You know the bit in that (pretty dreadful) third Matrix film where Agent Smith and Neo are fighting it out relentlessly for about 30 minutes? After an increasingly improbable sequence of aerial kung-fu high up in a stormy sky, the two adversaries plunge to earth with a colossal impact that shatters every window for miles around.
Neo bears the brunt of the exchange, and appears lifeless in the dirt before eventually struggling to his feet. Agent Smith stands above him, and looks down with something approaching disgust. ‘Why, Mr Anderson?’ he says. ‘Why, why, why? Why do you do it? Why do you get up?'
The less said about what follows the better, but that line popped into my head recently when I was trying to find a way to sum up what it feels like to run a business.
"Why do we do it? Why do we grapple with the relentless challenges that it brings our way, when there are far easier ways to make a buck?"
If you’re like me, you might occasionally catch yourself feeling jealous of your partners or pals who have ‘normal jobs’. They seem to be able to clock off at 5 on the dot, and not spend a nanosecond thinking about work until they fire up the laptop the next day. On weekends they can focus on what’s in front of them and be present, while you’ve got plans, forecasts and frameworks bouncing around in your head when you should be concentrating on stopping your kid from falling off their bike.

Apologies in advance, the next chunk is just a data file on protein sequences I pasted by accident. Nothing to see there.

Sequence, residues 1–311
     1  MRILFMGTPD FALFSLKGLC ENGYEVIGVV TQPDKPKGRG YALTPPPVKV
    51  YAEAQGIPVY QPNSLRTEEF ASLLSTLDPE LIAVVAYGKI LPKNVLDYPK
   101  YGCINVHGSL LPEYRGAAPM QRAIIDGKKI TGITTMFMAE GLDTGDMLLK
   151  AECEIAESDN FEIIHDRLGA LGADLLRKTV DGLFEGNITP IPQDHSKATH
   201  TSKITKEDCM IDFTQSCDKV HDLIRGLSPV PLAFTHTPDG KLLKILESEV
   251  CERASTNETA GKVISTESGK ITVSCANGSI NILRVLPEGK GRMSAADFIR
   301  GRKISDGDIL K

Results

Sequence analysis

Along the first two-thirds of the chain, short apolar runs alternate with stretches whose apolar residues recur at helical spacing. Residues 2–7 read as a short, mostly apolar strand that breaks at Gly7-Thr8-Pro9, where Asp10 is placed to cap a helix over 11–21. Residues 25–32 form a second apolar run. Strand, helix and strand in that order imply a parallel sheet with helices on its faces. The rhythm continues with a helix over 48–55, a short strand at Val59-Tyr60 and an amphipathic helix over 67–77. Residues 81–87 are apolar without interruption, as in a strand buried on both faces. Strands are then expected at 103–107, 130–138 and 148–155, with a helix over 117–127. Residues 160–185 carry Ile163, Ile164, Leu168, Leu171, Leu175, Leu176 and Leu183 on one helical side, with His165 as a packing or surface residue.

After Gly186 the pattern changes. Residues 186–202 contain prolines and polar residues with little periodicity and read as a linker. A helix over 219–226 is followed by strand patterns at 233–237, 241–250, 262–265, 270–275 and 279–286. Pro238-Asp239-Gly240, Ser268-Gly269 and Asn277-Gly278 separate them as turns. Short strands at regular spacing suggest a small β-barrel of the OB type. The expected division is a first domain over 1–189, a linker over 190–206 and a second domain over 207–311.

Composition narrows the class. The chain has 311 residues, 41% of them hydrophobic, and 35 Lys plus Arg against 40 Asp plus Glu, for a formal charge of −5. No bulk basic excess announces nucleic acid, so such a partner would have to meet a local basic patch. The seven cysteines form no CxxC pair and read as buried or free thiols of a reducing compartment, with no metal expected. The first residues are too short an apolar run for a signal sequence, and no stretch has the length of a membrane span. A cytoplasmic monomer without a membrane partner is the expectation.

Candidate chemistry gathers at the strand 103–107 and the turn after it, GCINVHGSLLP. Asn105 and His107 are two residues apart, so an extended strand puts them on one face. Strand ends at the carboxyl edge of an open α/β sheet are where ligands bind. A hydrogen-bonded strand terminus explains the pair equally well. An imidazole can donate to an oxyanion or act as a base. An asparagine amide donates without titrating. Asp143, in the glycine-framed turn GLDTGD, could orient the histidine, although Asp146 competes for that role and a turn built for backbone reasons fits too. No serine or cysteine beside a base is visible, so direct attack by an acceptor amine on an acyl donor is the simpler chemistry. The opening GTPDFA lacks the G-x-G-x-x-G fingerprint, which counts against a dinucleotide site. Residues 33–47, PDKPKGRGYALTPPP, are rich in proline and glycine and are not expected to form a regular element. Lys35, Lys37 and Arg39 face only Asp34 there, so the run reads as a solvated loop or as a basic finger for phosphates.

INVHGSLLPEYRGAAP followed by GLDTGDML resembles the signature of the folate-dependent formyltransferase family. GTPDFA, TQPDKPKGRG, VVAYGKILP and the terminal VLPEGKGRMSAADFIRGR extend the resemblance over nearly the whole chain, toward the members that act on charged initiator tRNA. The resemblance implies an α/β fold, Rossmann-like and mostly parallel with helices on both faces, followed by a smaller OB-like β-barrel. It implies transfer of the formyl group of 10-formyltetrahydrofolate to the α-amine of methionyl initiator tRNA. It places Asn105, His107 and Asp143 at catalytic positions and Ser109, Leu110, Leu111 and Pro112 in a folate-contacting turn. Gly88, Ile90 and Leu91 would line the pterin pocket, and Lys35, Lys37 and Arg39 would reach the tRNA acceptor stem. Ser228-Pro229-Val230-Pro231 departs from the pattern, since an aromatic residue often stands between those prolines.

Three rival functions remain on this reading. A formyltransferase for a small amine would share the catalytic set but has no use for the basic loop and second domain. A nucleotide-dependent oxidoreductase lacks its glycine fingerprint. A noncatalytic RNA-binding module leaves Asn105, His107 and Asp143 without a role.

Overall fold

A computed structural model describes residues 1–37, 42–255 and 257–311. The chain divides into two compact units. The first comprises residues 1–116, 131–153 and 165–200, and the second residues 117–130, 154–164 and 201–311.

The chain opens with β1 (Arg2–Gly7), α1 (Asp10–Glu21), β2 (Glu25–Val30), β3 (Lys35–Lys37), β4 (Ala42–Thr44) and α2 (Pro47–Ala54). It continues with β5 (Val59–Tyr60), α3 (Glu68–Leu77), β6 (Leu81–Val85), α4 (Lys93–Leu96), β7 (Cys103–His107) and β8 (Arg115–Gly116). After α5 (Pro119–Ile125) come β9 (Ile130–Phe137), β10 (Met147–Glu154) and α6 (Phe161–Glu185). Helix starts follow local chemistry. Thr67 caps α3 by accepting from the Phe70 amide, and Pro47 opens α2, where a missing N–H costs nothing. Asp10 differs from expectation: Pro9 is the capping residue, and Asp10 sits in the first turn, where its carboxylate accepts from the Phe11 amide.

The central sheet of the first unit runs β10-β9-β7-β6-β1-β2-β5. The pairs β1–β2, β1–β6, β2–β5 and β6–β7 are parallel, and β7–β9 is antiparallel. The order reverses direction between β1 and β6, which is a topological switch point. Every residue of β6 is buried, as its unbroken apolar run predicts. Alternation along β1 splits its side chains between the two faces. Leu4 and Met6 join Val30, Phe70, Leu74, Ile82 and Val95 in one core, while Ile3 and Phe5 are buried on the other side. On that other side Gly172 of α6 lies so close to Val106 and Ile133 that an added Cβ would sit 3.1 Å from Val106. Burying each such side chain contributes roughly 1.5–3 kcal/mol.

So when you get up every day, look in the mirror, and yet again run the equation in your head that decides whether you jack it all in for a steady gig, why does the answer always come back: ‘I think I’ll keep going’?
What’s the spark that drives you forward? I'd never presume to guess; it's different for everyone. But I do know how that spark got there.
Everything that’s happened in your life, every sweet victory, bitter defeat, glorious challenge, crippling heartache, crushing disappointment, delicate flame of hope, and pang of despair…they all combine to form the fractious chaos that has led you to this point in your business journey, and they all make up your story.
Not your business’s story. Not your brand or product story. Not a framework, or a set of tactics, or a sales page: yours, and yours alone. And at a basic, completely inarguable level, here’s why your story is a big deal:
That may sound like a set of fluffy soundbites, but it’s true, isn’t it? And it’s crucial; the first step on this whole journey is recognising your own story as something of massive value, even if initially that’s just for yourself.
So what’s the journey? Simple: it’s taking your story, and figuring out how to put it to work so it can drive the success of your business.
But there are a few more shifts of perspective required to really make this whole thing sing. First, we need to make a solid case for why you should be thinking of telling your story at all.
Check out the next article in the series, where we’ll stop you getting caught in the Hero Trap.